Entering the exhibition, Angelica Mesiti’s ‘The Rain That Fell in the Faint Light of the Young Sun’ (2022) series of clay prints are first on display. The clay has pockmarks resembling raindrops that date back millions of years, aiding scientists in decoding atmospheric conditions and revealing geological insights into Earth’s history. A sound mimicking rainfall crescendo throughout the space from Mesiti’s video, Future Perfect Continuous (2022), in which performers recreate a rainstorm soundscape, symbolising the enduring power of ideas through time, rooted in the reimagining of ancient rain prints. Here, the enduring potential of play is evident. Unlike materials such as concrete or stone, which erode and undergo changes, and languages that may become unreadable over time, play and art offer ways to communicate through time, providing a lasting avenue for the transmission of ideas across generations.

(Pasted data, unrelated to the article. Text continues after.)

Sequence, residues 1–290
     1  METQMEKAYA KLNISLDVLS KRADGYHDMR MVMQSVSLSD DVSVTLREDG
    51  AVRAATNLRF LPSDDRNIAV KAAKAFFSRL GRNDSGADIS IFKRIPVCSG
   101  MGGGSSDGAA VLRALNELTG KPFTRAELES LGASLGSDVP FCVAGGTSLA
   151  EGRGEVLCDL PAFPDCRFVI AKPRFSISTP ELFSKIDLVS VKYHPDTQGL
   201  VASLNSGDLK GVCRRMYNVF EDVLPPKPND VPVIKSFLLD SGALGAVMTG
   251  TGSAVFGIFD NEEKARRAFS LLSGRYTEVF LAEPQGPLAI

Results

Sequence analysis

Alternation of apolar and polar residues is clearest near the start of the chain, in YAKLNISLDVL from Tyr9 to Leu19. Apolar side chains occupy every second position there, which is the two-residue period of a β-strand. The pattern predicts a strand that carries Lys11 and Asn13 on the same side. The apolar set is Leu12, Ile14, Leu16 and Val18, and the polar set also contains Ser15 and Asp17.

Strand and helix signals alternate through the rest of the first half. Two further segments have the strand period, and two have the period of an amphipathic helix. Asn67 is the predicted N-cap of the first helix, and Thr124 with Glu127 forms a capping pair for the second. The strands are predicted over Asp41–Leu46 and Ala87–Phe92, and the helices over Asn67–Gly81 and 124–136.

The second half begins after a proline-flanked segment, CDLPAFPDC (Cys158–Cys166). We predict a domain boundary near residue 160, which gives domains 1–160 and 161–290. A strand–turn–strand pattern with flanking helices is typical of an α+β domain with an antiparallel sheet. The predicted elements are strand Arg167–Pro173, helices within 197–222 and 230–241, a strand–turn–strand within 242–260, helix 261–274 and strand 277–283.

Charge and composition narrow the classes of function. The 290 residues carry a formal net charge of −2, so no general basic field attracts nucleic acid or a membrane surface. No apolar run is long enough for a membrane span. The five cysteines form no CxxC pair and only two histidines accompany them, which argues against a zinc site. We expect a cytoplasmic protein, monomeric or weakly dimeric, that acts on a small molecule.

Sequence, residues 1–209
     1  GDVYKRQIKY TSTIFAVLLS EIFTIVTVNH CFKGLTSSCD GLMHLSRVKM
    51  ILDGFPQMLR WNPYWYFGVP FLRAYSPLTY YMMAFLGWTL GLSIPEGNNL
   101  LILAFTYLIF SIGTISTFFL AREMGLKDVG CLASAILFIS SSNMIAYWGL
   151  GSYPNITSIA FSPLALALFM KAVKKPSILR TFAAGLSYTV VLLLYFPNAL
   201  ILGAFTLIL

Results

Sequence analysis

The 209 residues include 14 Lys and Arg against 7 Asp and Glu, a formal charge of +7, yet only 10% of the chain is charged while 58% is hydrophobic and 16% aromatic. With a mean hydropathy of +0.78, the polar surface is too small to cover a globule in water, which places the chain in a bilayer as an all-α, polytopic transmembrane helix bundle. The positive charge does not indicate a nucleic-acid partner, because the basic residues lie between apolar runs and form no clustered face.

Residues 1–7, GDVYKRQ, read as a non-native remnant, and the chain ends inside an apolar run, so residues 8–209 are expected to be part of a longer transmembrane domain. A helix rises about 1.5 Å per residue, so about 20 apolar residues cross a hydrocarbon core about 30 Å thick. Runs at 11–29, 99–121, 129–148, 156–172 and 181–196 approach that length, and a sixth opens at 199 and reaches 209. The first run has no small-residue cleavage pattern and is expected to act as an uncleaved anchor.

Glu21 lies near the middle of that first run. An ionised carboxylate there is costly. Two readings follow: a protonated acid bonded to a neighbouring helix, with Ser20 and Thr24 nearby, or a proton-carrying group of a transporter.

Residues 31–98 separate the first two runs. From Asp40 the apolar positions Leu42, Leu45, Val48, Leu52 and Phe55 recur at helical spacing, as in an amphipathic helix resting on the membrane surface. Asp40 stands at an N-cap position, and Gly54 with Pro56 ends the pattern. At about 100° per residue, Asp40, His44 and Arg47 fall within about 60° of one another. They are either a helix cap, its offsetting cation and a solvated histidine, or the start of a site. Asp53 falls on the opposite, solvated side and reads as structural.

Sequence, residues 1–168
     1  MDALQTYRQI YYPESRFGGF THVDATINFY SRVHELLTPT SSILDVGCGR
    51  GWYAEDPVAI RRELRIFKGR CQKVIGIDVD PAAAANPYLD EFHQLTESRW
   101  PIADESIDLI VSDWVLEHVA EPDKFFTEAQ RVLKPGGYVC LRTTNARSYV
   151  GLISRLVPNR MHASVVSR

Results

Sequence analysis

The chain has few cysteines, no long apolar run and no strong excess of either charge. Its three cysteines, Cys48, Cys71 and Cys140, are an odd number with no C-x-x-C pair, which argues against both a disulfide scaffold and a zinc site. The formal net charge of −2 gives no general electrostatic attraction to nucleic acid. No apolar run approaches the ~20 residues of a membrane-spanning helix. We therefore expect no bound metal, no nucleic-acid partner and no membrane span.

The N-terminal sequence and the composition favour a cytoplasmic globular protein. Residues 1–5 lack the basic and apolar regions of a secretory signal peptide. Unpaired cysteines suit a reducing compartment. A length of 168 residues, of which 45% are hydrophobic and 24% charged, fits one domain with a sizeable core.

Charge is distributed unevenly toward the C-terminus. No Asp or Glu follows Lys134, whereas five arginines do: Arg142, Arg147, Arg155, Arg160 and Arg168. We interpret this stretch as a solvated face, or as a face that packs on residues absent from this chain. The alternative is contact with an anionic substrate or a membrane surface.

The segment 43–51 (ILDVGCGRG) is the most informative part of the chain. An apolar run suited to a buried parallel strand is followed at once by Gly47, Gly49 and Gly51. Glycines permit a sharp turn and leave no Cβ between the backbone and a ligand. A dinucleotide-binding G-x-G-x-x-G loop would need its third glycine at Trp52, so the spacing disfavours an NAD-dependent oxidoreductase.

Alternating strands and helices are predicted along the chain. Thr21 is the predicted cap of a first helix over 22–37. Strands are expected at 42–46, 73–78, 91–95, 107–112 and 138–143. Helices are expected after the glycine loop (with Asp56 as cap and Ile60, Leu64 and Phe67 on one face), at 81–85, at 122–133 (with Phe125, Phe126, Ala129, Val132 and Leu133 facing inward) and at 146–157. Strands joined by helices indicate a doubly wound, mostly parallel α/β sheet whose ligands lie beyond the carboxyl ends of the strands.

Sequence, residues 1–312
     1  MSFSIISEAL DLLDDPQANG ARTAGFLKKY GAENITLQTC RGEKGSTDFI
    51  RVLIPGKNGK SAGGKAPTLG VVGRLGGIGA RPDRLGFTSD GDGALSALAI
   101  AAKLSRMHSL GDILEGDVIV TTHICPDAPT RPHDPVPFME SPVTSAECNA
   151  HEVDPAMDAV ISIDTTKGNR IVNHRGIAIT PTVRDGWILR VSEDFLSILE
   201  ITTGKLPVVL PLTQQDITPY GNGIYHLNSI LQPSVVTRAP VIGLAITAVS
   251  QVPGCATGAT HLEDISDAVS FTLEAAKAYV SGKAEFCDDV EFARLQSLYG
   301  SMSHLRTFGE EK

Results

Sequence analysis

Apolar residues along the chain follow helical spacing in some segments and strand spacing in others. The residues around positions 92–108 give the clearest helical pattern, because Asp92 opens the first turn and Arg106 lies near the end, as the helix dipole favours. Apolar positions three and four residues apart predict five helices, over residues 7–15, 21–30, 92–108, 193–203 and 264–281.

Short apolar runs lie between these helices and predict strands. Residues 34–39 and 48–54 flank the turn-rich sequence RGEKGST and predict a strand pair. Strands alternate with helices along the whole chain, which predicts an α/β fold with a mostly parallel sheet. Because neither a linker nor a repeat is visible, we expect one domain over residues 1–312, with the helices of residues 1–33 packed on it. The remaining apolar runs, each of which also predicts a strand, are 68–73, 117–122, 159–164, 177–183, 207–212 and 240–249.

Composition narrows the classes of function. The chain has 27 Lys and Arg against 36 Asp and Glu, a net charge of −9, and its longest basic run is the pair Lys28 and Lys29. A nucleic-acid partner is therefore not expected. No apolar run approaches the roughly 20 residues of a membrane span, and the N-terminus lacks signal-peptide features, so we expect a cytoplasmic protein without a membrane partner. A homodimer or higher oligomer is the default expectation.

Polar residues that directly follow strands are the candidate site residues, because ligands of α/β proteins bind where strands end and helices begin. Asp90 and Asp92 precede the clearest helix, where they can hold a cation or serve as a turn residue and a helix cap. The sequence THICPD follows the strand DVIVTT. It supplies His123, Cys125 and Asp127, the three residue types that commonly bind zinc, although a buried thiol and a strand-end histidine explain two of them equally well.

Drawing inspiration from geological writers and individuals contemplating the shift in our perspective towards the future, Giblin speaks about a notable influence in the philosopher William MacAskill’s book, “What We Owe the Future,” which emphasises the importance of making decisions that extend beyond the well-being of our immediate descendants to encompass all individuals from the present onward. This includes acknowledging the role of future generations in our contemporary democracies. It is their voices that should be considered in the decisions we make today. Acknowledgement and emphasis on the past and our active engagement with ancestors are equally explored in Helen Cammock’s text derived from her broader project in New Orleans. Printed on a sky blue background, a single poetic sentence encapsulates the essence of her work: “If you take everything you like just because you like it just because you want it, the ghosts will have no place to play and the children no place to rest.” Her in-depth exploration of the city, with a focus on the experiences of black artists and individuals amid racism and post-Hurricane Katrina challenges, connects to the past, recognising the living presence of ancestors incorporating indigenous concepts of ongoing ancestral influence. A sprawling tapestry by Otobong Nkanga intricately intertwines the processes of the natural world. In the depths of the sea, bed lie entombed bodies and histories, serving as a reflection on the unequal impact of progress, underscoring how societal advancements have failed to benefit all communities equally.